The other major concern of Psalm 8 is the vocation of humankind in the creation. This vocation is described in terms of “dominion” over the rest of creation, given to human beings by God. There are, therefore, two relationships in view in the psalm, that between humankind and the rest of creation, and that between the Creator and his human creations. Each of these relationships could serve as a focal point for the interpreter of the psalm:

  • The language of dominion, coupled with the catalogue of creation over which this dominion is granted, will remind many readers of the creation narrative in Genesis 1, particularly verses 26-31. This connection opens the possibility of connecting human vocation in general, and our relationship to our fellow creatures in particular, with God’s creative intent. Throughout both texts, it is made clear that whatever dominant position humankind enjoys with respect to the creation, that position is owing to God’s decision, God’s purposes, and God’s actions. Interpretation could therefore focus on how our exercise of this vocation is or is not in harmony with God’s intent, and venture from there into the rich topic of stewardship.
  • While it may indeed have made sense for the newly-created, thus far sinless human beings, bearers of the unsullied image of God, to exercise the office of God’s stewards over creation, the same cannot necessarily be said of humankind after the Fall. Given what humanity has, by its own choice, become, the Psalmist might well wonder why on earth God still chooses to grant us dominion. The magnificence of the starry night sky demonstrates to the Psalmist’s satisfaction that the Creator certainly had other options — if God’s hand framed the very cosmos, there can be no question of God’s being stuck with unwanted stewards. The question “What are human beings that you are mindful of them” (verse 4) is left tantalizingly open for meditation on the nature of God’s mercy, grace, and care for his fallen people.

If the preacher wishes to follow the psalmist in drawing a connection between the two relationships in view in the psalm (Creator-human and human-creation), one possible approach is to suggest that the question of verse 4 must ultimately be answered by both looking back at our creation and looking forward to our final destiny. Human beings were created as bearers of the image of God, and even the very worst of accumulated human sin has not entirely effaced that image. God’s intention for us, in other words, is not to be thwarted by our disobedience. That said, our exercise of our vocation has clearly suffered from our corruption, and the dominion humankind has exercised over the creation has seldom looked like the loving stewardship that God ordained in Eden.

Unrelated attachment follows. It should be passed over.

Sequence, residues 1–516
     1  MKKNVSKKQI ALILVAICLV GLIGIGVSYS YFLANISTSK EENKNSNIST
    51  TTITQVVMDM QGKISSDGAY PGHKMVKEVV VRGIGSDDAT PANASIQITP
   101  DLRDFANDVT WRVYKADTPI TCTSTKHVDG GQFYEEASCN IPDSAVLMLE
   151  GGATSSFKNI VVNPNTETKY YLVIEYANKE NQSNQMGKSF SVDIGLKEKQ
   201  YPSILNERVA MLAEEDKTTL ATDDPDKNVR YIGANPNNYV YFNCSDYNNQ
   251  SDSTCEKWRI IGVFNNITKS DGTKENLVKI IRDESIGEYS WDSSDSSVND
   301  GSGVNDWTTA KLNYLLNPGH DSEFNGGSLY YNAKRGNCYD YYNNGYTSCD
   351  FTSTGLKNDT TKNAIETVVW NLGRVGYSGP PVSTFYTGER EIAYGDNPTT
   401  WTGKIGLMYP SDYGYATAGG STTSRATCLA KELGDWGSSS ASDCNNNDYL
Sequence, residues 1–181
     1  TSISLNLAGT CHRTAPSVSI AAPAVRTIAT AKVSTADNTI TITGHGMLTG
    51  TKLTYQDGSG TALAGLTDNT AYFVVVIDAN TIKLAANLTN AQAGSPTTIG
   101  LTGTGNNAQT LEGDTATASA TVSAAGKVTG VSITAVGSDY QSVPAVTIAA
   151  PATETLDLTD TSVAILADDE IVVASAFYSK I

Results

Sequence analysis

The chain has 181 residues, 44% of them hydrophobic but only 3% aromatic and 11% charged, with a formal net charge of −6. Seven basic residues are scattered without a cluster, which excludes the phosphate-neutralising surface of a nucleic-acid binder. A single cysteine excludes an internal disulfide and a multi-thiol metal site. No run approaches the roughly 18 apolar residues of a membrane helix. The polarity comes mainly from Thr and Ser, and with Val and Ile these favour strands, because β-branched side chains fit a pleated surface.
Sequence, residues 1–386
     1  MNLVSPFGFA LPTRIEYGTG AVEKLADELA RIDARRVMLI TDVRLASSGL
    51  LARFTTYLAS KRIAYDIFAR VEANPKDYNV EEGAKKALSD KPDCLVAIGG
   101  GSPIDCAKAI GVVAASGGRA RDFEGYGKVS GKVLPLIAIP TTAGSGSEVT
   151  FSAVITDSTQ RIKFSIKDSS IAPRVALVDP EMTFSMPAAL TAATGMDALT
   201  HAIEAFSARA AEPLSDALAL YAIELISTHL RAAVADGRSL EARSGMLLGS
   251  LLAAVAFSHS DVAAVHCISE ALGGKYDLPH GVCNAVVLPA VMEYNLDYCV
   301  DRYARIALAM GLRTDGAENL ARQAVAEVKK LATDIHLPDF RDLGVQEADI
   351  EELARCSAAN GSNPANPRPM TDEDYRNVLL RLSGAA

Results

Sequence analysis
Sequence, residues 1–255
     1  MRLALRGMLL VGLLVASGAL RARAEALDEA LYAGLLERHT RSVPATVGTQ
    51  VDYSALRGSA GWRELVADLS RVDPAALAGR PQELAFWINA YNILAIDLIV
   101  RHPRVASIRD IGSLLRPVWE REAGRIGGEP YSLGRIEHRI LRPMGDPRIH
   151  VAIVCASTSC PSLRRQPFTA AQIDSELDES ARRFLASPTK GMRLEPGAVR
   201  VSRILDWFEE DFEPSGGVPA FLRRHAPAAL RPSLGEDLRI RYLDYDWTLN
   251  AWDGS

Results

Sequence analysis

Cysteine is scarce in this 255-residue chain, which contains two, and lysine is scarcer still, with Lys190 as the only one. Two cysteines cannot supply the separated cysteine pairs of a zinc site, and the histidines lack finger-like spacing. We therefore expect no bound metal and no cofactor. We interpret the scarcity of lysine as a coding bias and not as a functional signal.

The solution to this conundrum, and therefore the answer to the question of Psalm 8:4, lies in the redeeming work of Christ. In him was revealed humankind as we were intended to be from the beginning, humankind untouched by sin. Thus, he is the pattern for the dominion we are called to exercise, a dominion marked by nurturing love rather than selfish exploitation. And if he is the pattern, he is also the means by which God has chosen to fit us to the pattern, to return us to our intended state and vocation. “What are human beings that you are mindful of them?” We are, through Jesus, the adopted children of the household; the objects of God’s grace, love, salvation, and sanctification; and ultimately, through him, the image-bearers and stewards of creation that we were created to be in the first place. This, according to the sovereign will of the one whose name is indeed majestic in all the earth.


1 Commentary first published on this site on Oct. 4, 2015.

Second Reading

Commentary on Hebrews 1:1-4; 2:5-12

Craig R. Koester

This week’s second lesson begins a series of readings from the Epistle to the Hebrews.

Preachers do well to recognize that Hebrews itself is not only a possible basis for a sermon. Hebrews actually is a sermon. To be sure, it is frequently called an epistle or letter because of the final verses of Hebrews 13. But the opening lines of Hebrews 1, which are part of this week’s reading, have little in common with the other New Testament letters.

Where ancient letters begin by identifying the author, intended recipients, and offering a greeting, Hebrews begins with eloquent and intricately woven lines that are designed to capture the imagination of the hearers. The author says nothing about his own identity, and no amount of scholarly research has been able to overcome the anonymity. As Origen said, the identity of the person who wrote Hebrews is known to God alone.